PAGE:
The original Myspace was like the wild west of social networking. There were few rules when it came to managing your profile design and the site had a pioneering spirit, allowing users to post anything they wanted. Myspace was a great tool to stay in touch with friends but it also became a training ground for me to learn the basics of front end design and coding.


Joining the site and learning how to hack profiles

I was a teenager with limited knowledge of front end design when a friend invited me to join Myspace. I spent weekends and school holidays making Flash cartoons like my heroes on Newgrounds but I had no idea how websites were made.

One day after school, the same friend who invited me to Myspace showed me how to hack your profile by injecting custom styling and content into the fields used to describe yourself. The developers of Myspace could’ve easily blocked any custom HTML and CSS but allowing this level of customisation made the site hugely popular and exposed kids like me to the online design world.

After learning how to hack profiles, I regularly redesigned my page layout using snippets of code I borrowed from other sites. This experimentation helped me understand basic web typography and colours, asset hosting and linking.

Envious friends started asking me to help design their layouts. It wasn’t long until I was getting paid offers to design full custom layouts, usually from rock bands wanting to improve their online presence. I was making a little money from my hobby and I enjoyed immersing myself in web design.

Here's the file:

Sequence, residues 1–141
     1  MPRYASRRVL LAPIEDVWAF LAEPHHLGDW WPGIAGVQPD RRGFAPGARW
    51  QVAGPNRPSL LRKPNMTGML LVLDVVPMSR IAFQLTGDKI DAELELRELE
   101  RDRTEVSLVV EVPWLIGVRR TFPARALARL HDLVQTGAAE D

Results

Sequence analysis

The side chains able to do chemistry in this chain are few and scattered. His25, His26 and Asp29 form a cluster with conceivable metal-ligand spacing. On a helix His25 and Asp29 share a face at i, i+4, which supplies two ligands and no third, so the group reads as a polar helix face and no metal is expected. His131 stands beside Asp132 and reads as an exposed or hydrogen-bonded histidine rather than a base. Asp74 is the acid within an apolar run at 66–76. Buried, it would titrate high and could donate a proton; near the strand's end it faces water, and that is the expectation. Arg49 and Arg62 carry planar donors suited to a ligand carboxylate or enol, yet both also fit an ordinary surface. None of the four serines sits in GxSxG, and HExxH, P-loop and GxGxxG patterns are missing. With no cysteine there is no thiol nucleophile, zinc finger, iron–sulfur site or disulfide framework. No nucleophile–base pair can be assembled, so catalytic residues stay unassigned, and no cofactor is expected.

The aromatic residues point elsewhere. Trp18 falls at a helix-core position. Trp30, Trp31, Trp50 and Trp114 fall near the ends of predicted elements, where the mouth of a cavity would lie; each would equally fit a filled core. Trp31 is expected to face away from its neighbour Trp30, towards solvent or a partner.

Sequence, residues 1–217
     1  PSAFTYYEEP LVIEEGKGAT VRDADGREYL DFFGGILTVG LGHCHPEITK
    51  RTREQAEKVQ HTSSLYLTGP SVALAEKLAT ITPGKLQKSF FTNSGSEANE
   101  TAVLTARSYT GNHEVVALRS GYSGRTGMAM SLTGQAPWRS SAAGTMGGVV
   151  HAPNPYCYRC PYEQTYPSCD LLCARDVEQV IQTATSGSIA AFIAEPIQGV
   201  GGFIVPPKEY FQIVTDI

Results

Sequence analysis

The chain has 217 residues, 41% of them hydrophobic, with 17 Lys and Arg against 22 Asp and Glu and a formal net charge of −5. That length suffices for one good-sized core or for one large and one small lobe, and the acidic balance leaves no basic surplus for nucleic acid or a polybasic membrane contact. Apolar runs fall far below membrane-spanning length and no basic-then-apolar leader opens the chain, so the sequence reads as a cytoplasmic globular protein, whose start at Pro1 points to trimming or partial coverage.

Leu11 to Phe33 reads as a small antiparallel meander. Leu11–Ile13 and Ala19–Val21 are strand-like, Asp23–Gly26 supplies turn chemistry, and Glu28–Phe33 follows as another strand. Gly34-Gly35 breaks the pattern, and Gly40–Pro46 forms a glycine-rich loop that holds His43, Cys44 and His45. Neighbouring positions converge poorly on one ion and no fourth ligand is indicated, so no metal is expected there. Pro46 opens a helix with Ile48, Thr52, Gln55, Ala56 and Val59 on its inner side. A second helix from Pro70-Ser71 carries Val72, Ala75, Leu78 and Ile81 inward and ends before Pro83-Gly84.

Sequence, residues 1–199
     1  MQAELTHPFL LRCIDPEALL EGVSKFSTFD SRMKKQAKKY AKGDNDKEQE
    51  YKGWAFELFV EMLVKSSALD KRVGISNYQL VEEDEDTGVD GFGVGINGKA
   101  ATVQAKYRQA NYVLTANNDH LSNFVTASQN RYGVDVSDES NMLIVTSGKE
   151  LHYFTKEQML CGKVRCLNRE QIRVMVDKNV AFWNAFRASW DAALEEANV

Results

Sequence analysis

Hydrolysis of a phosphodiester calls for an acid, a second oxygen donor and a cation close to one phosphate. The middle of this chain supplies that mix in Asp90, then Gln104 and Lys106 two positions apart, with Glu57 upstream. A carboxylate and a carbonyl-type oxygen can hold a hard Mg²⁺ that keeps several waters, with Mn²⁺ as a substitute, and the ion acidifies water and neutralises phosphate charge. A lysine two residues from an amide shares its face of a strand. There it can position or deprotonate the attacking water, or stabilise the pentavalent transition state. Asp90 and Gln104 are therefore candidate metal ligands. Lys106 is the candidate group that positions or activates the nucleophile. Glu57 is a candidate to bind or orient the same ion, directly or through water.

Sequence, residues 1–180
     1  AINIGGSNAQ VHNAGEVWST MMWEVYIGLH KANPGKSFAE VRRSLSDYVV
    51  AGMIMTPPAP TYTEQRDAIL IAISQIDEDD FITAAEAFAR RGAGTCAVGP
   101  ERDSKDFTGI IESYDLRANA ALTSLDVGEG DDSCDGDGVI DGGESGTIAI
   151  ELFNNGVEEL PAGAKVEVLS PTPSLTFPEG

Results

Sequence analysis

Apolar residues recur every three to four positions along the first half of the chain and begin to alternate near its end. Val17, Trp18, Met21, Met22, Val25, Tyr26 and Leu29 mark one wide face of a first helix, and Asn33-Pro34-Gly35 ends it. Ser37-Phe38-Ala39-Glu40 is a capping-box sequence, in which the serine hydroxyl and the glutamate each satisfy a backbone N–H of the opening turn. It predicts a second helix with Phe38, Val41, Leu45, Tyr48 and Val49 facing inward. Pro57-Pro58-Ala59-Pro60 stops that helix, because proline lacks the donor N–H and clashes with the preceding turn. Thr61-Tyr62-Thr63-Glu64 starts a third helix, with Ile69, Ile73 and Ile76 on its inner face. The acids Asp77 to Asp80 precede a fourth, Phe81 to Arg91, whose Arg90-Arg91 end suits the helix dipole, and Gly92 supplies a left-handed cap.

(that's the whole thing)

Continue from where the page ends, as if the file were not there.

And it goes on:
Designing Myspace layouts helped me understand web design

The process of redesigning Myspace layouts exposed me to similar design procedures I still use today. I created a fake account as a base before applying the finished layout to the live profile, which is similar to developing locally. I checked how layouts looked on different school computers, laptops and my PC, which is browser and device testing. And I backed up layout code as separate text files, which is like version control.

If it wasn’t for the malleability of Myspace profiles, I wouldn’t have learnt the basics of web design, which helped me land my first job as a junior designer. Although Myspace is largely ignored these days (despite the amazing redesign by Josephmark), I have fond memories staying up way too late on school nights under the glow of a CRT monitor learning a skill I didn’t realise could become a career.